Photos of sunbathing royal breasts, political caricatures, religiously offensive videos, political mayhem, war, famine, death; magical mascaras, mouth-watering burgers, porn for any taste and age, protestors, injured, dead, each one telling their concrete story out of their habitat: the image – still or moving.
WELCOME to the Image Culture, ladies and gentlemen, toddlers and adolescents!
Please, make sure you discard your dictionaries, printed or other, wash your hands and step in!
You, too, Sir, no, we’ll go to the videos later – first, the photos!
Yes, private cabins provided at the video galleries, please be patient.
Ladies and gentlemen, toddlers and adolescents, you won’t need anything for this trip to the Image Culture but magnifying glasses (for the oldies) and a delicious, salty, flavoured snack.
Yes, darling, the snacks are free of charge.
If you order the large size, that is.
Yes, sir, the drinks are sugar free.
Please, don’t forget to ask for extra corn syrup for your sodas by the counter.
To the North hemisphere, you can observe princess breasts – original – but also, princess bottom (as far as my search went on google images, just to see what the fuss was about with the topless photos, I saw a picture of the Duchess of Cambridge who wasn’t only topless, she also wore a thong, displaying her bare bottom, but apparently, none of the royalties and their legal advisors seem to have had a problem with that particular image display. Butts allowed, boobies is a no-no).
That is very sisterly of Kate Middleton, I may add, considering that UK’s bigger sibling – USA – successfully provides, free of charge, similar images of their own royalties’ breasts – most recently Madonna’s.
And, to a lesser degree – in terms of visual aesthetics and level of regality – Janet Jackson’s.
To the South, you can view loads of spectacular images of fleeing people – old injured people, young injured people, injured mothers, injured children, scared children.
Here, Sir, what are you looking at?
I’m talking about these images, of the Zaatari camp, Jordan.
The details are crispy, spectacular.
Ma’am, your children can tell what this number is.
That’s right, sweetheart, this means 1.2 million displaced people within Syria, 20,000 killed, 246,000 fled abroad.
I’m so happy that the numbers are all in image format, so you don’t have to work hard at reading them!
Oh, no darling, this is not special effects, that boy’s leg is really chopped off.
By a grenade.
If we move into the ammunition gallery, I’ll show you a picture of what a grenade is.
For the curious, I can dig out a video so you can see, in actual fact, how a grenade explodes.
No, Sir, I’m not sure I can find images of how it chops off a leg.
But, you could try and see Saving Private Ryan, The Hurt Locker, Inglorious Basterds – you’ll enjoy a bit of humour if you see the last one.
No, the rest are quite humourless.
Fine, then watch Tarantino’s only.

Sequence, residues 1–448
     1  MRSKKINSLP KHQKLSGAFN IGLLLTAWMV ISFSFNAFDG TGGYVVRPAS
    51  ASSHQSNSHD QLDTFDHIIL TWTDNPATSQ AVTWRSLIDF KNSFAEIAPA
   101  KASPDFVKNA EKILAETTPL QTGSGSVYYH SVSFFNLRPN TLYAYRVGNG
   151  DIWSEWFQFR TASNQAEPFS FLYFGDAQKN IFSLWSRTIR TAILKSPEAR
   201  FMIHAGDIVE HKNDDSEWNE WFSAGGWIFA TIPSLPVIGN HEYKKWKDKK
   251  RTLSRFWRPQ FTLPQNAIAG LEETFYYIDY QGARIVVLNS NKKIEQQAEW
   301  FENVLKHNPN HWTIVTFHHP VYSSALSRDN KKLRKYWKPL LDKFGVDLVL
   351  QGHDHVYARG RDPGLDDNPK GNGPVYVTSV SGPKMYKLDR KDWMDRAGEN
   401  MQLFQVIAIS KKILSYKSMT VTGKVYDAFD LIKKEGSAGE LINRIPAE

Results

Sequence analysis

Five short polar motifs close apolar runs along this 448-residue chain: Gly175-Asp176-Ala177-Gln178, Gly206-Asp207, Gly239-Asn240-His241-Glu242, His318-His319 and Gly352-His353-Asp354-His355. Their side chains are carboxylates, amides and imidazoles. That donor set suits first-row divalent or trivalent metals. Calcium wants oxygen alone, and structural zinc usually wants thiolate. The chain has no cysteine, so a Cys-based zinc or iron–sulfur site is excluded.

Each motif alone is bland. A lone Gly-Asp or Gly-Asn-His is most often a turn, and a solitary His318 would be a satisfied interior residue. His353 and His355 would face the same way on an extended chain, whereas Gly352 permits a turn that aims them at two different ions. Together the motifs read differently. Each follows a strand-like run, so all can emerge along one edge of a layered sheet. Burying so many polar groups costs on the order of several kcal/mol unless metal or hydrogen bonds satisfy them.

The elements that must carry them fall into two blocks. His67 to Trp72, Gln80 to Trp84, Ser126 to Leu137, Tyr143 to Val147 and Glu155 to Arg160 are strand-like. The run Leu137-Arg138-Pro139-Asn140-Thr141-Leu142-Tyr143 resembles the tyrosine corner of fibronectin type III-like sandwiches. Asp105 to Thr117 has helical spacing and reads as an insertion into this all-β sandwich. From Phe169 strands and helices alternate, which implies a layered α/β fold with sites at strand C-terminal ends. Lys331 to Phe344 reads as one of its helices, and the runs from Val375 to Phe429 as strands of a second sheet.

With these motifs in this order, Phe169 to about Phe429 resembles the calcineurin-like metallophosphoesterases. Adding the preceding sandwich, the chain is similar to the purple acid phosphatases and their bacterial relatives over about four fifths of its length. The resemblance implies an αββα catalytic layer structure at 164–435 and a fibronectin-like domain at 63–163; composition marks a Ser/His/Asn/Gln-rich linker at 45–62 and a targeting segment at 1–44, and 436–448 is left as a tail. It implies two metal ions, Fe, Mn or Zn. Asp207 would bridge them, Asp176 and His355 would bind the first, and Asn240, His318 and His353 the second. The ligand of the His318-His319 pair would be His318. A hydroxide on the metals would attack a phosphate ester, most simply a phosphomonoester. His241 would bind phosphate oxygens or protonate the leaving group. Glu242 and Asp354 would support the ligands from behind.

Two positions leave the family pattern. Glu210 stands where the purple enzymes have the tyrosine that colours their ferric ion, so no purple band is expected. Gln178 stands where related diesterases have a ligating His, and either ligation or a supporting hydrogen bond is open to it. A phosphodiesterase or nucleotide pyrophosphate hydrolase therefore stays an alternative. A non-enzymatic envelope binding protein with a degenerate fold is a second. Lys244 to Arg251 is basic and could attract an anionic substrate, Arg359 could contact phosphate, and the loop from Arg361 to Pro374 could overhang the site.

If you move along towards the West – that’s left, ma’am…your other left – you can enjoy loads of images displaying the current trends.
Mainly burgundy, prints, and lots of gothic this winter on the catwalk.
I’m afraid we don’t have detailed photos per designer, but you can check our live streaming of various current défilés.
Yes, that’ll be the video gallery further down the hall.
We’ve got some bored children in this group, let’s move on.
Kids, follow me.
We’re going to the games rooms.
The new World of Warcraft is out – who wants to kill free of charge for an hour?
Yes, you can bring your snack in the games rooms.
The older gentlemen can view our exciting erotica corner at the end of the corridor, near the toilets.
Yes, sir, you will have your private cabin, I told you.
No manuals, no reading required, go ahead.
Everything is visually explained, you won’t miss or misinterpret a thing, rest assured.
The image culture.
What does a kid need in order to understand an image of a banana, of a royal (or a common) bare breast, of blood on the face of a 5-year-old girl?
A pair of eyes? Not even.
One eye is enough and the kid will tell that the first image is of fruit, the second – of a naked girl, and the third – of a girl, who is in pain.
To the first image, the kid is likely to be indifferent, to the second – depending on the kid’s age – he may giggle, to the last image, however, the kid is likely to ask what happened to that injured girl, or whether she’s in pain.
And if the three examples were in writing?
The kid needs more than an eye – reading, the skill to decode a combination of signs, letters, lines and dots, years of practice.
Our children can view death as it’s displayed so vividly on our TV screens, in our newspapers, on our computer screens (not to mention those, who view violence on their streets – that’s a completely different subject).
I feel safe when letters hide away the scary bits of our adult lives from my kids, 3 and 1.
But when it’s an image, then there is no way around hiding its meaning.
And that’s when it gets complicated.